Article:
The project findings,all presented at the events detailed below,can be summarised as follows: Development of receptive vocabulary: Cross-group differences not significant. Raw frequency of teacher input plays major role, especially for younger children. Recency (i.e.how close to testing word has been heard):only significant for yr 1. No clear relationship between type of input and retention of vocabulary. No significant differences between boys and girls Overall,vocabulary development facilitated most by frequency of input,and recency for younger children. Age differences minimal. Development of grammar: Yr 7 significantly better than yr 3 (p<0.05) who="" are="" significantly="" better="" than="" yr="" 1=""><0.01) role of gesture and multimodality: gesture can aid saliency and analysis/processing of input redundant gesture can distract from linguistic input words heard only in songs and stories are poorly learned attitudes,motivation and learner strategies: 1. attitudes: main reason for liking french:lessons are fun language highly prominent in perception of difference between selves and french children slightly less enthusiasm for learning french in yr 3,and no enthusiasm in yr 7 2. learning strategies repeating most common strategy for yr 1 & 3 more awareness and wider range of strategies in yr 3 3. motivation focus on communicative need e.g.on holidays wider range of imagined situations in year 3 intrinsic value of languages mentioned by some year 3 children little motivation in yr 7 correlations between: literacy–vocabulary development(yrs 1 & 3) working memory–grammar development(all yrs) working memory–literacy(yrs 1 & 3) working memory–receptive vocabulary(yr 3) fewer correlations yr 7 because of smaller size of group overall: age advantage for grammar older children use wider range of cognitive strategies younger children very enthusiastic working memory and literacy support language learning role="" of="" gesture="" and="" multimodality:="" gesture="" can="" aid="" saliency="" and="" analysis/processing="" of="" input="" redundant="" gesture="" can="" distract="" from="" linguistic="" input="" words="" heard="" only="" in="" songs="" and="" stories="" are="" poorly="" learned="" attitudes,motivation="" and="" learner="" strategies:="" 1.="" attitudes:="" main="" reason="" for="" liking="" french:lessons="" are="" fun="" language="" highly="" prominent="" in="" perception="" of="" difference="" between="" selves="" and="" french="" children="" slightly="" less="" enthusiasm="" for="" learning="" french="" in="" yr="" 3,and="" no="" enthusiasm="" in="" yr="" 7="" 2.="" learning="" strategies="" repeating="" most="" common="" strategy="" for="" yr="" 1="" &="" 3="" more="" awareness="" and="" wider="" range="" of="" strategies="" in="" yr="" 3="" 3.="" motivation="" focus="" on="" communicative="" need="" e.g.on="" holidays="" wider="" range="" of="" imagined="" situations="" in="" year="" 3="" intrinsic="" value="" of="" languages="" mentioned="" by="" some="" year="" 3="" children="" little="" motivation="" in="" yr="" 7="" correlations="" between:="" literacy–vocabulary="" development(yrs="" 1="" &="" 3)="" working="" memory–grammar="" development(all="" yrs)="" working="" memory–literacy(yrs="" 1="" &="" 3)="" working="" memory–receptive="" vocabulary(yr="" 3)="" fewer="" correlations="" yr="" 7="" because="" of="" smaller="" size="" of="" group="" overall:="" age="" advantage="" for="" grammar="" older="" children="" use="" wider="" range="" of="" cognitive="" strategies="" younger="" children="" very="" enthusiastic="" working="" memory="" and="" literacy="" support="" language="" learning="">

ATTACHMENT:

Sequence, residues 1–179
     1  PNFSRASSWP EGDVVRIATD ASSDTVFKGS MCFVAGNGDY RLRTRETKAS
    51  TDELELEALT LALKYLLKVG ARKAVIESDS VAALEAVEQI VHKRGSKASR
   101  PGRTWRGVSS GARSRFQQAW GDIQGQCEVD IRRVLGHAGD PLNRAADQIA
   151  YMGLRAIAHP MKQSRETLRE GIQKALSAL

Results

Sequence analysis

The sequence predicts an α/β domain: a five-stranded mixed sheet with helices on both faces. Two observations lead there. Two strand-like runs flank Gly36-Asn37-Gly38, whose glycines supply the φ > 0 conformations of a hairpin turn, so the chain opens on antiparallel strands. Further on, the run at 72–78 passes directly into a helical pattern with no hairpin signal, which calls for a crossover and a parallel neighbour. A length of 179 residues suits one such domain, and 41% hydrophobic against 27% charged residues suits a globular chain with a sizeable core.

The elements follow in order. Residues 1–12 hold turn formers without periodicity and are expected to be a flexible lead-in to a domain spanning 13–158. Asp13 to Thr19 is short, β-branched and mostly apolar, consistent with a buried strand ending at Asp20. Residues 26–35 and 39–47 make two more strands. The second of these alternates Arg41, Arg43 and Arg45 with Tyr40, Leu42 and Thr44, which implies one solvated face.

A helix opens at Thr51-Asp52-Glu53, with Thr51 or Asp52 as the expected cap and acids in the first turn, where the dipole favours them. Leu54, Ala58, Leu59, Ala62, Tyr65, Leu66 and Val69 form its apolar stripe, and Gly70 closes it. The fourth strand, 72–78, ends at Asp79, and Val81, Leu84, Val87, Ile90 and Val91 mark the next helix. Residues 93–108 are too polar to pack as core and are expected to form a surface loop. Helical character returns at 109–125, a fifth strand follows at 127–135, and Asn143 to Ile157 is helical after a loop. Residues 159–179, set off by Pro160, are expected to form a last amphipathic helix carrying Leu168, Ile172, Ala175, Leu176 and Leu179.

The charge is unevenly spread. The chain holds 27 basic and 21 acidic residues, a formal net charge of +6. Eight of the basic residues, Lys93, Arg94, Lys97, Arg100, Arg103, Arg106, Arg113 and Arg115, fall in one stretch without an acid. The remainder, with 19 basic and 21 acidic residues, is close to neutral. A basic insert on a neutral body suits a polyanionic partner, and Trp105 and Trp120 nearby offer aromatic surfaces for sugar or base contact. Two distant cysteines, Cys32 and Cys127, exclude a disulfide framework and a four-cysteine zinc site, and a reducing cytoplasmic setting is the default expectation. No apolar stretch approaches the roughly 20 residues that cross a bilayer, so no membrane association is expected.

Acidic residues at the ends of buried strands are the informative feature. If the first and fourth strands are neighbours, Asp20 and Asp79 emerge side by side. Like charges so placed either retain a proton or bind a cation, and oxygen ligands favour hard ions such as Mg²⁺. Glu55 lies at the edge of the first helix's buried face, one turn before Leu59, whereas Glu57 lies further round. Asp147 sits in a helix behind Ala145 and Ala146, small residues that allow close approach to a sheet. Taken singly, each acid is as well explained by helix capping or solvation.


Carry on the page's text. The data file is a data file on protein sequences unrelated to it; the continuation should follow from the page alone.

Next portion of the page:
How these impacts were achieved